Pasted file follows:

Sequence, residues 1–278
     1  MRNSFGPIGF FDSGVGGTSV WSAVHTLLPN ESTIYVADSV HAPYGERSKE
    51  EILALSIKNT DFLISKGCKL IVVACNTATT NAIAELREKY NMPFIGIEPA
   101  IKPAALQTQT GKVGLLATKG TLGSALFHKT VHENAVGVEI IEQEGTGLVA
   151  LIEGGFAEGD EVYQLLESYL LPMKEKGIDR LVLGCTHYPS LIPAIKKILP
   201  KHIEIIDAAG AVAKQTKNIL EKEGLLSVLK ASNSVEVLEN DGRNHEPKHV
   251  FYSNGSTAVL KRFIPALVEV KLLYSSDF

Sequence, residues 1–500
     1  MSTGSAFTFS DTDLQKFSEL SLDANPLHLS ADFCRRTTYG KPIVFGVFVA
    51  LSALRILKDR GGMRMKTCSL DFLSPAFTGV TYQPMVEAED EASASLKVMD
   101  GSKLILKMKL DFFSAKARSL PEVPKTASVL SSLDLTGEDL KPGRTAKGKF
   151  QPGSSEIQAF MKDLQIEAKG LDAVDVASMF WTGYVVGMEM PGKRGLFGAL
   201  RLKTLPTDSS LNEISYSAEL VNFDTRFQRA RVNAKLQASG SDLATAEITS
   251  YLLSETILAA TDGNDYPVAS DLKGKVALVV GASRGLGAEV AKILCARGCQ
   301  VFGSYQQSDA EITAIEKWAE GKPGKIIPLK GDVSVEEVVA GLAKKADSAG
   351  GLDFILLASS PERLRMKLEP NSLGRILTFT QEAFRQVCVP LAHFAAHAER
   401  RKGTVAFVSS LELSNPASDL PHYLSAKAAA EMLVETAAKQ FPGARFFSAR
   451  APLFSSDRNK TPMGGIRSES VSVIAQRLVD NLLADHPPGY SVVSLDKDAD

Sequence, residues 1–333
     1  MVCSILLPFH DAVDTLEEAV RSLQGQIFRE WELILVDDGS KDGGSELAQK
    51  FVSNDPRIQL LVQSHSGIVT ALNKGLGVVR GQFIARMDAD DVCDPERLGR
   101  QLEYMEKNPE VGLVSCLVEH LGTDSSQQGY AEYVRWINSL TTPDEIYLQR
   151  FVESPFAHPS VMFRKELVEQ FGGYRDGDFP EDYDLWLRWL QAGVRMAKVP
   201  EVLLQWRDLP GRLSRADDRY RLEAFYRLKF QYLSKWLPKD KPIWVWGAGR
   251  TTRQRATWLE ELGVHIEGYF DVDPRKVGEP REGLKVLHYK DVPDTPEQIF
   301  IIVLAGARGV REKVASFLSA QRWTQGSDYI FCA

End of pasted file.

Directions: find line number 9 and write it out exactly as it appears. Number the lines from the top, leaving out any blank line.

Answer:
     1  MSTGSAFTFS DTDLQKFSEL SLDANPLHLS ADFCRRTTYG KPIVFGVFVA